Despite such serious commentary, Quick claims not only to be oblivious to these judgments but she also appears to think that she know more than former President Bill Clinton by overlooking some important words in the statement that Clinton’s office provided her: “it’s important not to impose austerity now before a growth trend is clearly established, because as the austerity policies in the eurozone and the U.S. show, that will slow the economy, cut jobs, and increase deficits; and any credible deficit-reduction plan requires three things — spending reductions, revenue increases, and economic growth.” [Emphasis added]
So, what explains Quick’s positions and those of so many corporations? It seems that most Americans are slow to comprehend that there has been a hostile takeover of the nation and its government by corporations that can be traced back to the 1970s. For instance, on Aug. 23, 1971, soon-to-be Supreme Court Justice Lewis F. Powell, Jr., then a Richmond, Virginia, attorney, drafted a confidential memorandum for the U.S. Chamber of Commerce that describes a strategy for the corporate takeover of the dominant public institutions of American society.
But, is there anyone left in the English-speaking world who isn’t aware of corporations’ and Wall Street’s culpability in the current fiscal crisis?
The financial crisis, which began in August 2007, has been described as “the worst financial crisis since the Great Depression.” Yet it did not come out of nowhere like some act of God. The crisis was just the latest phase of the evolution of financial markets under the radical deregulation process that began in the late 1970s.
The lax regulation permitted risky financial innovations, which then expanded rapidly amid an asset price bubble in the housing market. With huge profits to be taken, Wall Street and other financial institutions ignored their own risk management procedures and found little resistance from government (or skepticism from the media) where many allegedly smart people were worshipping at the altar of the “market.”
Quick, who appears to be one of those market true-believers, does not provide empirical (nor any other) support for her characterization of Krugman’s views as “just laughable” and “downright dangerous.” The “support” on which Quick apparently depends is the position of 44 CEOs from Fortune 500 companies who slavishly embrace Hooverville mentality and are now advocating the Simpson-Bowles plan.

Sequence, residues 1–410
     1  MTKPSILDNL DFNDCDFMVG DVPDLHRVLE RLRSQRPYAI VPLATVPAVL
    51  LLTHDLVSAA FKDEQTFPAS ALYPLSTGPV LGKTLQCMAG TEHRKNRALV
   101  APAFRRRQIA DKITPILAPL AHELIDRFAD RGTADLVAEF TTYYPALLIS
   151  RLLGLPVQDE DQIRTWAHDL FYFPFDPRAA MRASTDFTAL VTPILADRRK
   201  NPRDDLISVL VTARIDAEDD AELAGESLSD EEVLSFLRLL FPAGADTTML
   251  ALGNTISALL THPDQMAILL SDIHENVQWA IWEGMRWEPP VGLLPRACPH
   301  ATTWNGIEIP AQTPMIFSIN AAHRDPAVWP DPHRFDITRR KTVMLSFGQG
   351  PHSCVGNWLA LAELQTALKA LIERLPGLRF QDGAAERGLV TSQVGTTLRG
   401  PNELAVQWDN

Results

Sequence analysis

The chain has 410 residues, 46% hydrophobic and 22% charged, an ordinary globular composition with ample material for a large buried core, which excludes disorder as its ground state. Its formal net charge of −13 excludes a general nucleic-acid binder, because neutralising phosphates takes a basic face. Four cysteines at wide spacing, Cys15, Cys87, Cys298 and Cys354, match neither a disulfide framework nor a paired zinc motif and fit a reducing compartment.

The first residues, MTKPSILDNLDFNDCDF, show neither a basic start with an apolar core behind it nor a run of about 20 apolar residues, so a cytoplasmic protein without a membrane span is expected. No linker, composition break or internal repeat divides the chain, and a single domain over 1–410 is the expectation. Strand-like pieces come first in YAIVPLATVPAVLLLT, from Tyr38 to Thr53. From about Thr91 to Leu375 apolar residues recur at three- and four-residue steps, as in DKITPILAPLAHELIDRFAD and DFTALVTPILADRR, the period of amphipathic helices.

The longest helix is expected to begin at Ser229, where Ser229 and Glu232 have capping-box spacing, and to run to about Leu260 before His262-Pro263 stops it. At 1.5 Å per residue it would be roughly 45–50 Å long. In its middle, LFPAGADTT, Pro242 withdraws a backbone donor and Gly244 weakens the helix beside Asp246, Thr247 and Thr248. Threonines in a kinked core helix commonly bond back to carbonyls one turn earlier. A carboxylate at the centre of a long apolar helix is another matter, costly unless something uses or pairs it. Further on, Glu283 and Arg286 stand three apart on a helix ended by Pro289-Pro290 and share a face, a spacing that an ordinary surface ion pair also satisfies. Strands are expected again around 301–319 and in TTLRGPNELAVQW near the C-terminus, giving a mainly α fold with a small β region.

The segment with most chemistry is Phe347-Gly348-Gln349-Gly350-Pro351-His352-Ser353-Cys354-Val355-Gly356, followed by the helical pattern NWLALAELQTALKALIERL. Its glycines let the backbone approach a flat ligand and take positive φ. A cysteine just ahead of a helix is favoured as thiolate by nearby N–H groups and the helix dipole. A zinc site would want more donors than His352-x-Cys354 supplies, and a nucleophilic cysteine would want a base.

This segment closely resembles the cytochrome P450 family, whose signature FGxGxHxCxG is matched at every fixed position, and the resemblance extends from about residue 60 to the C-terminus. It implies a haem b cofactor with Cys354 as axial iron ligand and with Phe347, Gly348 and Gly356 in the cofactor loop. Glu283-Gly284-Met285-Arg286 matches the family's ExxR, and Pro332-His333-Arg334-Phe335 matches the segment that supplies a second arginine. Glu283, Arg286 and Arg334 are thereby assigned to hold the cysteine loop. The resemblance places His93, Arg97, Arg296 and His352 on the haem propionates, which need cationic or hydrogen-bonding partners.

Quick does not mention that the many Fortune 500 companies have been contributing significantly to the deficit by not paying adequate taxes — in fact, some companies have been paying “zero” taxes. If corporations and the rich paid taxes at the same level as in the 1960s, the debt would disappear in a decade,” according to a study by the Institute for Policy Studies.
Quick makes no mention of this rather provocative study nor has it been reported that corporations (reportedly awash with cash) have been enthusiastic about solving the national debt by paying their appropriate share of taxes along with the Super Rich. Quick also appears to have overlooked these related facts:
–In the 1940s, corporations paid 43 percent of all the federal income taxes collected in the U.S. In 2010, that percentage was only 8.9 percent.
–The U.S. raises less corporate tax revenue than most developed countries.
–The top statutory tax rate is 35 percent, but companies pay an average effective tax rate of about 25 percent. Some large companies paid “0” in taxes in 2010.
–Twelve major corporations made $171 billion in profits from 2008 to 2010, yet had a negative income tax rate of 1.5 percent.